Ground All Drones is a committee of Women Against Military Madness (WAMM) created to address the use of drones, particularly armed drones. Drones are developed worldwide, not only by the U.S. but by other nations as well. In the U.S.unarmed surveillance drones could be used to spy on citizens, a clear violation of our Fourth Amendment Rights. The current focus of this committee is on the use of weaponized drones.
Wednesday, March 12, 2014
UN report identifies 30 drone strikes that require ‘public explanation’
The report, by British lawyer Ben Emmerson QC, identifies 30 attacks between 2006 and 2013 that show sufficient indications of civilian deaths to demand a ‘public explanation of the circumstances and the justification for the use of deadly force’ under international law.
Emmerson analysed 37 strikes carried out by the US, UK and Israel in Afghanistan, Pakistan, Yemen, Somalia and Gaza, to arrive at a ‘sample’ of strikes that he believes those nations have a legal duty to explain.
Britain and the US conduct strikes as part of the armed conflict in Afghanistan, and the US also conducts covert strikes in Pakistan, Yemen and Somalia.
Although Israel has never officially acknowledged using armed drones, Emmerson met with Israeli officials in the course of preparing his report and lists seven attacks in Gaza among those requiring investigation.
This report expands on an argument for the legal obligation for states to investigate and account for credible claims of civilian casualties, which Emmerson first laid out in his previous report, presented to the UN General Assembly in October.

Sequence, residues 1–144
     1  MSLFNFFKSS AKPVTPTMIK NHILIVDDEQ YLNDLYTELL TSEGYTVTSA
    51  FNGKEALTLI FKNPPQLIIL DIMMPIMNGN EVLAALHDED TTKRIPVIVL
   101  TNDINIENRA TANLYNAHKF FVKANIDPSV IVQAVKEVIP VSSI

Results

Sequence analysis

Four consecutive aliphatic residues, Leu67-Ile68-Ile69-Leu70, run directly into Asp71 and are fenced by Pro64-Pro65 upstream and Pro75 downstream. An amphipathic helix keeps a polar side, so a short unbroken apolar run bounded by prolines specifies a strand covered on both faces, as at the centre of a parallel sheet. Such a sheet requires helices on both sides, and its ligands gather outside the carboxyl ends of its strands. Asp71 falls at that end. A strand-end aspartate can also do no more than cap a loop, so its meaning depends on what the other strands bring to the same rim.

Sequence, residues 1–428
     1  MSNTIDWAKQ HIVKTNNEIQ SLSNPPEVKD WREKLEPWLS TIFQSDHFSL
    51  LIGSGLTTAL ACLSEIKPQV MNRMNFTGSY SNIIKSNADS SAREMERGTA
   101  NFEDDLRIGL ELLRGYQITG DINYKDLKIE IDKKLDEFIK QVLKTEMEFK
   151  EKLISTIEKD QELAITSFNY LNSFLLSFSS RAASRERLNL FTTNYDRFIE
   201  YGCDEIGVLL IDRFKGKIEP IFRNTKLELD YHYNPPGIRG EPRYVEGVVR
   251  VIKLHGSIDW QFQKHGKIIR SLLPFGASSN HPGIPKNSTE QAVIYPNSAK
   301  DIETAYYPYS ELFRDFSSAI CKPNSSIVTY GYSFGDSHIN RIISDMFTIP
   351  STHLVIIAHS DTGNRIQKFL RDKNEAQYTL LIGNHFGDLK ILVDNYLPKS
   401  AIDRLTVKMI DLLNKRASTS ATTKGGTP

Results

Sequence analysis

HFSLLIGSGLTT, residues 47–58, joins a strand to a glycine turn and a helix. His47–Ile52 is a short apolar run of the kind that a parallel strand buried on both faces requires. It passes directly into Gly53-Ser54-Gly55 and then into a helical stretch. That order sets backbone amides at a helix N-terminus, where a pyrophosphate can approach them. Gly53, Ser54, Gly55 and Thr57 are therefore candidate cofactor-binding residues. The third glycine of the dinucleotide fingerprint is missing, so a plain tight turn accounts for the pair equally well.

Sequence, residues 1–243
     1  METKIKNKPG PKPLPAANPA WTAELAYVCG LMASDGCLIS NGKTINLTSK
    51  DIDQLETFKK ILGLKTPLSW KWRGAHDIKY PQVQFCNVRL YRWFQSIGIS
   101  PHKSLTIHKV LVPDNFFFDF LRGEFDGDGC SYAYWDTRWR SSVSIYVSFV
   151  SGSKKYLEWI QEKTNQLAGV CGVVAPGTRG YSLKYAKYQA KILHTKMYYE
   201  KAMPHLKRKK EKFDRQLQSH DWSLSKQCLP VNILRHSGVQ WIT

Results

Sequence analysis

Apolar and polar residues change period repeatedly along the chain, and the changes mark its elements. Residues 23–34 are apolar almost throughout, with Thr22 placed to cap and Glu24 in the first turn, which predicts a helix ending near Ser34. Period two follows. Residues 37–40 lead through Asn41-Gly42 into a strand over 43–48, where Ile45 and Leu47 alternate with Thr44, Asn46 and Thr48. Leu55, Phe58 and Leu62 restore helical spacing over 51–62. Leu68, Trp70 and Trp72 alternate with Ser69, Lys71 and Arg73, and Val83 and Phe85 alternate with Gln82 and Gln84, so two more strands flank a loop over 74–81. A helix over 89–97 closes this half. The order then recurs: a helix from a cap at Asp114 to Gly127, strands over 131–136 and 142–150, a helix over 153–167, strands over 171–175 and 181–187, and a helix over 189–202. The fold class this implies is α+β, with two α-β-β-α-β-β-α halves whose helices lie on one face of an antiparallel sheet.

He writes: ‘in any case in which there have been, or appear to have been, civilian casualties that were not anticipated when the attack was planned, the State responsible is under an obligation to conduct a prompt, independent and impartial fact-finding inquiry and to provide a detailed public explanation of the results.’
A February 2010 attack in Afghanistan serves as a ‘benchmark’ of the kind of disclosure that should follow claims of civilian casualties.
After a US drone attack on a convoy of trucks reportedly killed up to 23 civilians, the International Security Assistance Force (Isaf), which runs international operations in Afghanistan, partially declassified the findings of its internal investigation. Emmerson writes that this report strongly criticised the crew’s actions and revealed ‘a propensity to “kinetic activity” [lethal action]‘.
This level of transparency is rare.
The most recent incident featured in Emmerson’s report is a December 2013 attack that hit a wedding procession near Rada’a in Yemen, killing at least 12. Multiple sources have identified numerous civilian casualties among the dead, including a Human Rights Watch investigation published last week.
Three unnamed US officials told Associated Press after the publication of Human Rights Watch’s report that an internal investigation had found only alleged militants were killed – but no results of this investigation have yet been officially released.
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